By Jim Orcutt, Co-Founder of My Brother's Keeper

These personal reflections on the Monday gospel represent my insight of Christ’s message as viewed through the lens of my life experience. It is my hope that others will be inspired to reflect upon their views as well.
Date: March 24, 2016
March 24, 2016

Gospel JN 13:1-15
Before the feast of Passover, Jesus knew that his hour had come
to pass from this world to the Father.
He loved his own in the world and he loved them to the end.
The devil had already induced Judas, son of Simon the Iscariot, to hand him over.
So, during supper,
fully aware that the Father had put everything into his power
and that he had come from God and was returning to God,
he rose from supper and took off his outer garments.
He took a towel and tied it around his waist.
Then he poured water into a basin
and began to wash the disciples’ feet
and dry them with the towel around his waist.
He came to Simon Peter, who said to him,
“Master, are you going to wash my feet?”
Jesus answered and said to him,
“What I am doing, you do not understand now,
but you will understand later.”
Peter said to him, “You will never wash my feet.”
Jesus answered him,
“Unless I wash you, you will have no inheritance with me.”
Simon Peter said to him,
“Master, then not only my feet, but my hands and head as well.”
Jesus said to him,
“Whoever has bathed has no need except to have his feet washed,
for he is clean all over;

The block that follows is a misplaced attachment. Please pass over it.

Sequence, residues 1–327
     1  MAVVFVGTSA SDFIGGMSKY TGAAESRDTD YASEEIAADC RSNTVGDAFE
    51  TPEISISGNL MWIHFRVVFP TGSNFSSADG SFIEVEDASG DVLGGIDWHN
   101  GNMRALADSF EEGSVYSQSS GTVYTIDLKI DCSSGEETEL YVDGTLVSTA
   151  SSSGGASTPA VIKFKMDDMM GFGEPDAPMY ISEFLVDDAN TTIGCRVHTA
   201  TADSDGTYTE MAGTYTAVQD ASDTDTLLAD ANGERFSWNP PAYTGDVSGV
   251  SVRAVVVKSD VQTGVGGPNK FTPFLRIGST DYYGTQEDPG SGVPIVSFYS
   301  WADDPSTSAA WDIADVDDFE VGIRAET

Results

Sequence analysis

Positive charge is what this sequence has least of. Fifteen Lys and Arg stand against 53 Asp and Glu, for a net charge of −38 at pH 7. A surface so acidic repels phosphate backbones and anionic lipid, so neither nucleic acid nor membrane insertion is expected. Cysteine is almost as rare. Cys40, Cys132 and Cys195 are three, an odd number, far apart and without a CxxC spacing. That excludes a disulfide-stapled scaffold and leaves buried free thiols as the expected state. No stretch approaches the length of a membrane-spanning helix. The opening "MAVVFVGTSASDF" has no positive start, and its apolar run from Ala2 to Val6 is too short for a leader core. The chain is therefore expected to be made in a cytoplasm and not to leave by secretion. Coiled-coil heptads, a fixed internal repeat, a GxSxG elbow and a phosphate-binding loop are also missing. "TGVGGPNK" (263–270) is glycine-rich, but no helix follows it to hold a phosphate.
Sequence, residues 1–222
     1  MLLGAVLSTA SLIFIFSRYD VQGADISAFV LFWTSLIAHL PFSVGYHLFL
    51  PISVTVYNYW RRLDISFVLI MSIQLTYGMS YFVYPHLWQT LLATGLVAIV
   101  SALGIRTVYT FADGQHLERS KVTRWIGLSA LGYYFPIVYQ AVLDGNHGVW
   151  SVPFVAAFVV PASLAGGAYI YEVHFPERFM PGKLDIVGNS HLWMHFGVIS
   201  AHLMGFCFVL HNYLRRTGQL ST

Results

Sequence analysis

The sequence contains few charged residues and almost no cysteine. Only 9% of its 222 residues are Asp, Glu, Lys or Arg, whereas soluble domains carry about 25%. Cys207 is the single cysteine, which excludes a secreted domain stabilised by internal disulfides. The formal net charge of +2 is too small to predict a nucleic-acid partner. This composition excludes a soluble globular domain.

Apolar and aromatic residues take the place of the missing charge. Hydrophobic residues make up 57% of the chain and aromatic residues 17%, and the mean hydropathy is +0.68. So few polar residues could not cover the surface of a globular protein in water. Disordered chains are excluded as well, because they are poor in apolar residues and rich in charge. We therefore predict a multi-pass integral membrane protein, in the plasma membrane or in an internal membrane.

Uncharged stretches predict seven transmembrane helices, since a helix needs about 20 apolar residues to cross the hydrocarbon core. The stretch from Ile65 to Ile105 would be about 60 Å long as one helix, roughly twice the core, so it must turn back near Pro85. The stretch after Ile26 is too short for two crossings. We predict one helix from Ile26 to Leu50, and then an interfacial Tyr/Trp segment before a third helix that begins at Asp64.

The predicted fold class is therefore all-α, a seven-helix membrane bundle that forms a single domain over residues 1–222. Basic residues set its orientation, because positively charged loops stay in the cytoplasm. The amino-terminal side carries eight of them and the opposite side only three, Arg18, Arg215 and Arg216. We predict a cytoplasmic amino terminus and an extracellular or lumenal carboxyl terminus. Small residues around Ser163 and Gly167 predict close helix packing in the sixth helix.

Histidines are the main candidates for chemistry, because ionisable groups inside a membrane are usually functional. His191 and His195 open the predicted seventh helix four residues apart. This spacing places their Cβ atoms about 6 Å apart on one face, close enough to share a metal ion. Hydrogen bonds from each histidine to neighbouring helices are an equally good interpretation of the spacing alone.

so you are clean, but not all.”
For he knew who would betray him;
for this reason, he said, “Not all of you are clean.”
So when he had washed their feet
and put his garments back on and reclined at table again,
he said to them, “Do you realize what I have done for you?
You call me ‘teacher’ and ‘master,’ and rightly so, for indeed I am.
If I, therefore, the master and teacher, have washed your feet,
you ought to wash one another’s feet.
I have given you a model to follow,
so that as I have done for you, you should also do.”


He came to Simon Peter, who said to him,
“Master, are you going to wash my feet?”

Peter left all that he owned and followed Jesus for three years. He had watched the blind and the deaf, as well as the lame and the lepers humble themselves before Jesus and accept the healing that our Lord so lovingly offered.

Yet now, when Peter’s turn came to submit to receiving Jesus’ loving service, his pride comes to the surface.

Peter says to Jesus, “You will never wash my feet.”

Jesus answered Peter with an ominous warning: “Unless I wash you, you will have no inheritance with me.”

Why would Jesus threaten to disown Peter, the man he had chosen to lead His church, unless he submitted to having his feet washed?

Jesus saw Peter’s great faith and strength of character, but He also saw his weakness and pride.

Jesus was not looking for someone to lead His church that would simply look on the poor and downtrodden with an attitude of pity.

He wanted someone who, through their own experience of helplessness and weakness, could say, “Let me help you my friend. I know how you feel.”

Jesus was not looking for Peter to simply be sympathetic to those who were suffering; He wanted Peter to be empathetic.

And, in order for Peter to grasp what it felt like to be in need of help, he first had to submit to being served rather than always being the one who served.

Jesus knew that Peter had to learn the lesson that, although it is more blessed to give than it is to receive, it is equally true that it is more difficult to receive than it is to give.

The gift that those we serve for Christ give to us is their humble acceptance of our help.

With humility, Simon Peter says to Jesus, “Master, then not only my feet, but my hands and head as well.”

“God opposes the proud, but gives grace to the humble.”
James 4:6

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